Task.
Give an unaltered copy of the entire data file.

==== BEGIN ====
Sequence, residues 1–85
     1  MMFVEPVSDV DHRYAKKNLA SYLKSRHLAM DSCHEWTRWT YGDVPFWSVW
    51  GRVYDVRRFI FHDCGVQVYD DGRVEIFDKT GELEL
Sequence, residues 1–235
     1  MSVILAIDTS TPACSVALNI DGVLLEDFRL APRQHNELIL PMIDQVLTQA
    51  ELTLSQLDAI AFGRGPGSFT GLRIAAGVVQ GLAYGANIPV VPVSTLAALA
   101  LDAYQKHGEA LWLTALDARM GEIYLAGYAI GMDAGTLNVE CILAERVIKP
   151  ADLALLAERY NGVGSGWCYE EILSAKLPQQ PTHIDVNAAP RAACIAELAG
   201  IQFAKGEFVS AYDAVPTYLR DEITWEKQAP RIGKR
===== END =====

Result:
Sequence, residues 1–85
     1  MMFVEPVSDV DHRYAKKNLA SYLKSRHLAM DSCHEWTRWT YGDVPFWSVW
    51  GRVYDVRRFI FHDCGVQVYD DGRVEIFDKT GELEL
Sequence, residues 1–235
     1  MSVILAIDTS TPACSVALNI DGVLLEDFRL APRQHNELIL PMIDQVLTQA
    51  ELTLSQLDAI AFGRGPGSFT GLRIAAGVVQ GLAYGANIPV VPVSTLAALA
   101  LDAYQKHGEA LWLTALDARM GEIYLAGYAI GMDAGTLNVE CILAERVIKP
   151  ADLALLAERY NGVGSGWCYE EILSAKLPQQ PTHIDVNAAP RAACIAELAG
   201  IQFAKGEFVS AYDAVPTYLR DEITWEKQAP RIGKR